His memorial service was today at 11:00. It was streamed live to anyone.  The PA wasn’t part of the feed, so we had to make do with the house speakers and all the ambient sounds of a church. I had to pay close attention while babies cried and people coughed, to understand Bryon, Shane and Jeff’s  Dad, Ray. They spoke well, Byron read the poem quoted above, Shane told their story and Jeff’s dad wrapped it all up with ,”TOLL …..Together,  Our Love Lasts”.  It presented Jeff in the best tradition of a fallen comrad. My heart goes out to them and also to all the pilots and friends and loved ones who preceded him in passing. 

Video Tribute to Jeff Toll

748 Shell Creek

Awoke early when my wife’s alarm went off.  Thought what the heck.  Just before leaving I got a Facebook message from a new guy … Mike Otten.  We met up at SC and set up.  There was just the slightest hint of a breeze from the NE.  I took off downwind and loitered while Mike set up.  He had a couple of failed launches but got off even though his wing was soaked.  Very impressive no wind launch with a wet wing.  Cruised a few miles east.  Saw a runway cut into one guys property and spiralled down to check it out.  Also chased down a fire only to find it was somebody burning trash.

The FlySkyHy app was having trouble doing accurate altitude calculations.  It was strange that it’s bad at SC but good at Placida.  It might be a cell phone vs. GPS thing.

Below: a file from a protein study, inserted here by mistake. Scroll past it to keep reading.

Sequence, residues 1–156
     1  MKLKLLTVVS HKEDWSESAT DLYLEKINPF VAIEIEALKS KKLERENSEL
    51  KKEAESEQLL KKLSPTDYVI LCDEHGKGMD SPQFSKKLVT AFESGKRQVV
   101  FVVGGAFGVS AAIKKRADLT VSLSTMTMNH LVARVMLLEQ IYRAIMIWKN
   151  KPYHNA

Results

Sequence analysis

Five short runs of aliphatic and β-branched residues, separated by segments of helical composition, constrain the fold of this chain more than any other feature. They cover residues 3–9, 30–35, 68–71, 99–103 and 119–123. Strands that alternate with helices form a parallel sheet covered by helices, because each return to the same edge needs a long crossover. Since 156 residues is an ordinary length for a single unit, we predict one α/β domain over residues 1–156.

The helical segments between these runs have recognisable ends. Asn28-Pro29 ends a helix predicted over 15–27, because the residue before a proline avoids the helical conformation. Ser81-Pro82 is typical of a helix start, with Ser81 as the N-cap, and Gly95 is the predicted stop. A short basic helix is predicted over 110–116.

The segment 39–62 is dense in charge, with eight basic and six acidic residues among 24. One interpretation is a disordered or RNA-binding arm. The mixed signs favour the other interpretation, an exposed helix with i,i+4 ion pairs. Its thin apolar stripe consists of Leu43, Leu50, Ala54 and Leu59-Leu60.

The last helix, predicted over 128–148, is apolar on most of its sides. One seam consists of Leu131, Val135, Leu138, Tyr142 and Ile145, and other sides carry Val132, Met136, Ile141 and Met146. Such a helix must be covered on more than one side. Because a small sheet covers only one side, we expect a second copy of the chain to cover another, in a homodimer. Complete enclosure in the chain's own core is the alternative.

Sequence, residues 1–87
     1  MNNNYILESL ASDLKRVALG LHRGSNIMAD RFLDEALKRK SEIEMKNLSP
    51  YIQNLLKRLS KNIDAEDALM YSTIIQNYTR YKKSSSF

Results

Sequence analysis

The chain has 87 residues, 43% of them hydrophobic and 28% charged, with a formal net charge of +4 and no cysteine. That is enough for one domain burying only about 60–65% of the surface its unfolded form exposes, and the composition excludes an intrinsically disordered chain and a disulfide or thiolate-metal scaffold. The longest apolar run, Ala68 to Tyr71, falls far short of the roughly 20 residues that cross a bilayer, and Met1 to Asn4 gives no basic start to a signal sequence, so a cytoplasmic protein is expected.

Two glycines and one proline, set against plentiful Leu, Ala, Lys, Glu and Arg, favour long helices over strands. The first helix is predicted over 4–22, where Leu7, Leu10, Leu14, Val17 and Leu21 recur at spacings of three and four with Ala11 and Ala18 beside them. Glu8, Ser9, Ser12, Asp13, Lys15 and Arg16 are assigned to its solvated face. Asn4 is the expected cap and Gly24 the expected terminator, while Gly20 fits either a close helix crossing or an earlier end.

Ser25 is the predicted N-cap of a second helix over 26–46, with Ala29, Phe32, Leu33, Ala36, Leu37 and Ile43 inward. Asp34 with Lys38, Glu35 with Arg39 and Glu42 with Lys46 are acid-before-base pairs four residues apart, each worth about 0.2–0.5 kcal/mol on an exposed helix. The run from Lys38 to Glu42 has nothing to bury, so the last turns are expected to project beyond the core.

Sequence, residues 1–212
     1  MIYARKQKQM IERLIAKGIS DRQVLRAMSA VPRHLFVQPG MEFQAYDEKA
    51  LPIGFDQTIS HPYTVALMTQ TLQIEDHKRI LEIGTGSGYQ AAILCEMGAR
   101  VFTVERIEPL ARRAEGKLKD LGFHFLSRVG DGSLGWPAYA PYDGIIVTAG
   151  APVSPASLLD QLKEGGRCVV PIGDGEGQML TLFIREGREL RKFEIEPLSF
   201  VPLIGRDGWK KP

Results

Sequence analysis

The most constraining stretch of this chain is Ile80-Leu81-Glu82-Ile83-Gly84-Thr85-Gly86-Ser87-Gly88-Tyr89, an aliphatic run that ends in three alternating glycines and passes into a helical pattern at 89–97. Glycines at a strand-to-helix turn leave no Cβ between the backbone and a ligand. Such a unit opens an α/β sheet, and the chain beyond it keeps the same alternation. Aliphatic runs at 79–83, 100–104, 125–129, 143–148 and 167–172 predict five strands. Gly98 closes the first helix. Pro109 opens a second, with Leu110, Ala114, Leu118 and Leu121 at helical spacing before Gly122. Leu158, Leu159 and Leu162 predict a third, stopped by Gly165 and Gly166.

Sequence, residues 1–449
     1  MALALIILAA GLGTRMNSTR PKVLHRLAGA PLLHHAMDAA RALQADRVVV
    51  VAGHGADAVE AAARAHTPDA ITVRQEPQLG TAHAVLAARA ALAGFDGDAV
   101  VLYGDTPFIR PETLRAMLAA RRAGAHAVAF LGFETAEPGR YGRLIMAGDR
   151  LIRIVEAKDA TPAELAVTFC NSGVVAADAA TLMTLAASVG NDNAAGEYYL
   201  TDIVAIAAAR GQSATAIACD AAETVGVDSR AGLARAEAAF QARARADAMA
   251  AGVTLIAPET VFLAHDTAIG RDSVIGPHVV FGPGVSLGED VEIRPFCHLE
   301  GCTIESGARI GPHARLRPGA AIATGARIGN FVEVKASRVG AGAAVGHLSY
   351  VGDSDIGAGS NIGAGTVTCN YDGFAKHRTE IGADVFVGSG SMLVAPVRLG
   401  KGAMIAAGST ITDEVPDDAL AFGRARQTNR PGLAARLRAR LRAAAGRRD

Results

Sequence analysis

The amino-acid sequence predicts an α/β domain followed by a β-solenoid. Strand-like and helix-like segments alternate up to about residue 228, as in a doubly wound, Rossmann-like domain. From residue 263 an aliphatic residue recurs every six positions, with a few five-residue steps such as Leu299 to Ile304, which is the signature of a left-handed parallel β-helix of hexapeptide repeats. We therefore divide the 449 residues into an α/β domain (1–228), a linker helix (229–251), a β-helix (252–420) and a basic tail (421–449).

747 Placida high Flight


Sunrise was at 7:08 Bob and I launched about same.  He stayed low and practiced several touch and goes while I went for altitude and took in the view.  Bob is a natural.  He is currently learning the difference between flying a DC -3 and a paraglider.  It’s fun watching him shake off old techniques.  I’ve heard it argued both ways, that being a GA Pilot makes it harder to learn to PPG.  Bob is living proof that both sides are right and wrong.  

The air was very rowdy below 250 feet where he spent the entire hour.  I got above layer and into the breeze where it was smooth as butter and climbed to 4000+ ft? AGL.  Even with trimmers out, the best I could do was 5mph into the wind.  While coming down I watched him practice, once he came in under power with brakes, slightly crosswind.  I could see it was bumpy … And sure as hell, he fought it down, landed on his feet, kited the wing, turned back into the wind and launched.  It was very impressive piloting skills and athleticism.

If I were feeling poetic I would write a tome.  Suffice to say.  It was a very enjoyable flight.

# 746 Shell Creek

Good Times
Light breeze at surface, 20 mph at 50 feet!  I took off from the runway and when I got to treetop level  the wing was pulled dramatically as it entered the flow.  I took a couple of good swings and flew into clear air. The wind slowly increased as I climbed and topped out at 30 miles an hour at 2000 feet. So… I guess there was a good wind SSE moving across Florida and surface friction slowed it to almost nil on the runway. Nothing else to report, I chased a large flock of cranes and spotted a small single engine plane departing from PG Airport. We were approaching head to head so it happened fast.  Since I was outside PGA airspace there was no foul.